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January 1995, Week 2


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Brian McIlroy <[log in to unmask]>
Reply To:
Film and TV Studies Discussion List <[log in to unmask]>
Sun, 8 Jan 1995 11:47:21 CST
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----------------------------Original message----------------------------
Actually, Jeremy, the Chuck Shepherd piece is inaccurate. The ban in
Northern Ireland and Great Britain on Sinn Fein spokespeople was brought
in in 1988 during Thatcher's era. She was determined to deny these people
"oxygen" as she put it. One of the odd repercussions of the ban was that
for the main spokesperson, Gerry Adams, his generally low voice was
represented by an actor who had a rather high voice. Critics have argued
that this was a deliberate ploy to ridicule Sinn Fein. The ban was
ludicrous and when lifted in 1994 everyone seemed relieved. The British
ban also affected extreme loyalist organizations.
The Irish Republic had a complete ban on seeing and hearing friom the
early 1970s on Sinn Fein/IRA. What it seemed to do was create tremendous
indifference in the South of Ireland--ouf of sight out of mind, etc.
among most ordinary folk. Others would disagree, I'm sure. But your
observations on the overall meaning behind such lip syching seems right
on the mark to me.....Brian McIlroy
On Sat, 7 Jan 1995, Jeremy Butler wrote:
> Came across the following in the (electronic distribution version of) "News
> of the Weird":
> >WEIRDNUZ.359 (News of the Weird, December 23, 1994)
> >by Chuck Shepherd
> >
> >* In September, as a response to the Irish Republican Army's
> >cease-fire in Northern Ireland, British Prime Minister John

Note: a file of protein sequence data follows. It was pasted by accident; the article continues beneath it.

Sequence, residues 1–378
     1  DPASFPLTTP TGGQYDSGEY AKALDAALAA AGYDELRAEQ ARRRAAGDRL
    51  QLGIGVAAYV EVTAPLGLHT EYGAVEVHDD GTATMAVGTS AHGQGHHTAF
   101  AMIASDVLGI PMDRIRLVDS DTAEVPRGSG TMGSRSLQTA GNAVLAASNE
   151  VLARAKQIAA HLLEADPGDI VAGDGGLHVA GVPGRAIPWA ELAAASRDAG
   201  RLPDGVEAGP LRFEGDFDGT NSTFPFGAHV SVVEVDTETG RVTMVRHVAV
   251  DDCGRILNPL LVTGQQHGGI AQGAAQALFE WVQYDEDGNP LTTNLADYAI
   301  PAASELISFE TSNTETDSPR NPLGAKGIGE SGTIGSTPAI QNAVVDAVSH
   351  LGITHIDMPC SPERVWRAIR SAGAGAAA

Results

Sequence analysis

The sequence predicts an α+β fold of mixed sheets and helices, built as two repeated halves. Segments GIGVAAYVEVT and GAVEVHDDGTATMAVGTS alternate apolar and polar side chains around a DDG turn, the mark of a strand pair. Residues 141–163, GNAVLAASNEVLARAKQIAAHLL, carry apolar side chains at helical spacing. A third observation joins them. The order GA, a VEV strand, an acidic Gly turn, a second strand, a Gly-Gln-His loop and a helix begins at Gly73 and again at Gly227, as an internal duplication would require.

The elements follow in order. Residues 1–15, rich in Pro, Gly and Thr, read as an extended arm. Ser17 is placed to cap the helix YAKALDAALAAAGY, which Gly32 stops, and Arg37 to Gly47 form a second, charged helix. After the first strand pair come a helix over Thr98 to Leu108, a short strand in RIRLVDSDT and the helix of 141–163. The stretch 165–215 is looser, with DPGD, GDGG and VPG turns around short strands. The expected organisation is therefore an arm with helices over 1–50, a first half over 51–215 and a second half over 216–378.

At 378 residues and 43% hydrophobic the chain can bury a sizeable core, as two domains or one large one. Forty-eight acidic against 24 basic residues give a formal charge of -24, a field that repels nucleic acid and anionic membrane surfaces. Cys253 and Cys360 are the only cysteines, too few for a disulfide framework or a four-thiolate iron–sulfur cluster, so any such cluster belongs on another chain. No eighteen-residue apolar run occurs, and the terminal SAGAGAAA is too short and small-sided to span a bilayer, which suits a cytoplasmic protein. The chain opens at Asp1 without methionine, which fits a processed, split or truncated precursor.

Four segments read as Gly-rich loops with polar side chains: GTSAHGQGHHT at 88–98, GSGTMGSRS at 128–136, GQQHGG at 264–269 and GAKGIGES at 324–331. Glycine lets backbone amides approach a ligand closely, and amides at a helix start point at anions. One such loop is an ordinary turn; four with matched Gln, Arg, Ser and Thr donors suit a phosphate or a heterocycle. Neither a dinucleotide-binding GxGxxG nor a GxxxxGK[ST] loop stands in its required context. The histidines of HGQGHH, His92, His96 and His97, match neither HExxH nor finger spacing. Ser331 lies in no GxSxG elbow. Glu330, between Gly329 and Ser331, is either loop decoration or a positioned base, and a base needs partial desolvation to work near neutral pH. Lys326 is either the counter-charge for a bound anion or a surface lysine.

> >Major suspended a long-standing anti-IRA media policy.  Since
> >1969, voices of IRA leaders have not been permitted on British
> >radio
> >and television--even on newscasts.  Thus, for nearly 25 years,
> >the British Broadcasting Corporation has shown news films of IRA
> >leaders but had had to hire actors to supply the voices. [St.
> >Petersburg Times, 9-25-94]
> >
> >Copyright, 1994, Universal Press Syndicate.  All rights
> >reserved. Released for the personal entertainment of readers.
> >No commercial use may be made of the material, or of the name
> >"News of the Weird."
> It reminded me of the way in which U.S. broadcasters in the 1960s agreed to
> a ban on the voice of Henry Kissinger while he was Secretary of State.  It
> was presumed that his German accent would undermine national confidence in
> him, I suppose.
> These instances of sound/image discontinuity raise the issue of the
> discursive impact of television sound as compared to that of its image.
> That is, why is it "safe" to *show* IRA members, but not to *hear* them?
> It reinforces the notion that TV is just radio with pictures, that the main
> televisual impact is based in the sound, that television's images are just
> there to augment the information that is predominantly carried by the
> sound.
> Can anyone contribute other instances of such sound/image discontinuity
> being used to support an ideological agenda?
>  =====================================================================
>   Jeremy Butler                                  [log in to unmask]
>   SCREEN-L Coordinator                         [log in to unmask]
>   Telecommunication & Film Dept. * University of Alabama * Tuscaloosa
>  =====================================================================